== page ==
When Stephen Davis Jr. got his first college offer from South Carolina as an eighth grader, he was confused.
“At first, I was like, an offer? What is that?” Davis Jr. said. “My dad told me about it, but I wasn’t worried about it then.”
Davis Jr.’s dad is Stephen Davis, the former Auburn and Carolina Panthers running back. Having been in Davis Jr.’s shoes, Davis is giving his son wisdom on how to navigate the recruiting process as a sophomore just as he gave his son his “football genes.”
But Davis Jr. is looking to forge his own path.
“The boy grew up in a football family, and he grew up playing Pee Wee and Pop Warner, so he’s just been around it all his life,” Dutch Fork coach Tom Knotts said. “He’s got good football sense as well as good football genes. The good Lord made that boy to play football.”
Once Davis Jr. understood the significance of his first college offer, he used it as motivation to work harder to get more offers. He would look up other defensive backs in his class that were also getting offers to try and be better than them.
More offers didn’t take long to come. Clemson followed with an offer in his eighth grade year, and now the defensive back has offers from several SEC and ACC schools, including his dad’s alma mater, Auburn.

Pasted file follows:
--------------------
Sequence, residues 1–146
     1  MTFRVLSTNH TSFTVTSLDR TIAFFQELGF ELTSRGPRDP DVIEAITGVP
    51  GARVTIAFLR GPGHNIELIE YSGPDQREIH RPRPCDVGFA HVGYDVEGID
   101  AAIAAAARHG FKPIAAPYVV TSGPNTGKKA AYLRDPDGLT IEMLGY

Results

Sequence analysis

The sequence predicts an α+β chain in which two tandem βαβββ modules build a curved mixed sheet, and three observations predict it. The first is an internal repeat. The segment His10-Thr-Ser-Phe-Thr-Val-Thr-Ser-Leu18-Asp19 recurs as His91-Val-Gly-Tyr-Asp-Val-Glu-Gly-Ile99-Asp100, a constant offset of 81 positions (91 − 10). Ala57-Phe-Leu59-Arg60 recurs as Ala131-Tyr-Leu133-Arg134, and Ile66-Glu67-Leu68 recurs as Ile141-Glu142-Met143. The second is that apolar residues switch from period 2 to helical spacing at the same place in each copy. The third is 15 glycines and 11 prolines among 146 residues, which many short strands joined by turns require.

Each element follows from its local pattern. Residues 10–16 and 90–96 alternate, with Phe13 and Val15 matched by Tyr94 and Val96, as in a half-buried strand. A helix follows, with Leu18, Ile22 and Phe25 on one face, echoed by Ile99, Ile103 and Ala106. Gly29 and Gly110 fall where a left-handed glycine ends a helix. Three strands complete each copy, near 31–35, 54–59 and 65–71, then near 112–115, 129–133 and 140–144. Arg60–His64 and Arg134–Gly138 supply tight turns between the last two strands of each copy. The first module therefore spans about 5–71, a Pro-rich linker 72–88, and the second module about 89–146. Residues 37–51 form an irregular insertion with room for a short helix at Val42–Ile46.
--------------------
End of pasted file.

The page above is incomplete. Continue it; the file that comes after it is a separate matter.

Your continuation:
Though Davis Jr. thinks his dad wants him to go to Auburn, Davis said it’s ultimately his son’s decision. It’s a decision college coaches will have to wait a while longer for because Davis Jr. said he isn’t planning on committing anytime soon on the advice of his dad.
“It’s all his decision,” Davis said. “If he asks me questions about Auburn, I had a great experience there. If that’s somewhere he would love to go to, I would be proud, but the decision’s all his.”
Like many sons of football greats who turn into talented football players themselves, Davis Jr. wants to be his own man. He said he never wanted to play running back — his body is likely too tall and lean for that anyway.
Davis Jr. isn’t the only highly touted recruit in the Midlands with a dad who played professional football. Spring Valley linebacker and Alabama commitment Christian Miller is another.
“I want to be better than my dad,” Davis Jr. said. “I just have to work as hard as him.”
In his freshman season, Davis Jr. tallied 64 tackles, four pass break-ups and a fumble recovery. This past week, he had seven tackles and an interception in Dutch Fork’s victory against Dorman.
Though he’s a sophomore, Knotts said the coaching staff treats him like a senior because they expect more from him, on and off the field.
“He’s got a chance to make a million dollars with this, so he should take a different route,” Knotts said. “He knows what awaits him, and it makes your life a little bit easier. Most of these kids don’t know what they want to do or what they’re going to be good at.
“With Stephen, it’s kind of laid out for him, so it’s up to him what he’s going to make of it.”